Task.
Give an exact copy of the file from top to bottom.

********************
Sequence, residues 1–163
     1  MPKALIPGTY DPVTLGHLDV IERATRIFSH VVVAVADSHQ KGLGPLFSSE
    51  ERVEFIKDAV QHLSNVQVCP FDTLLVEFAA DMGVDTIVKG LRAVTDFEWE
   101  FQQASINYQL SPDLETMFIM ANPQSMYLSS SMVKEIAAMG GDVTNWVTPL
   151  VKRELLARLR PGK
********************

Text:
Sequence, residues 1–163
     1  MPKALIPGTY DPVTLGHLDV IERATRIFSH VVVAVADSHQ KGLGPLFSSE
    51  ERVEFIKDAV QHLSNVQVCP FDTLLVEFAA DMGVDTIVKG LRAVTDFEWE
   101  FQQASINYQL SPDLETMFIM ANPQSMYLSS SMVKEIAAMG GDVTNWVTPL
   151  VKRELLARLR PGK